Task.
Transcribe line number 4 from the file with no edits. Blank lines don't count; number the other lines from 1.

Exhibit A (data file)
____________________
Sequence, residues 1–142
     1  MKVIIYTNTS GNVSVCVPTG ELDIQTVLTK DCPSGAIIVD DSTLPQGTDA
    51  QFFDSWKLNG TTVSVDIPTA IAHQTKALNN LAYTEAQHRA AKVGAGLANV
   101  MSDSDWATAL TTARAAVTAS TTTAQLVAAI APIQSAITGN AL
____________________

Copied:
   101  MSDSDWATAL TTARAAVTAS TTTAQLVAAI APIQSAITGN AL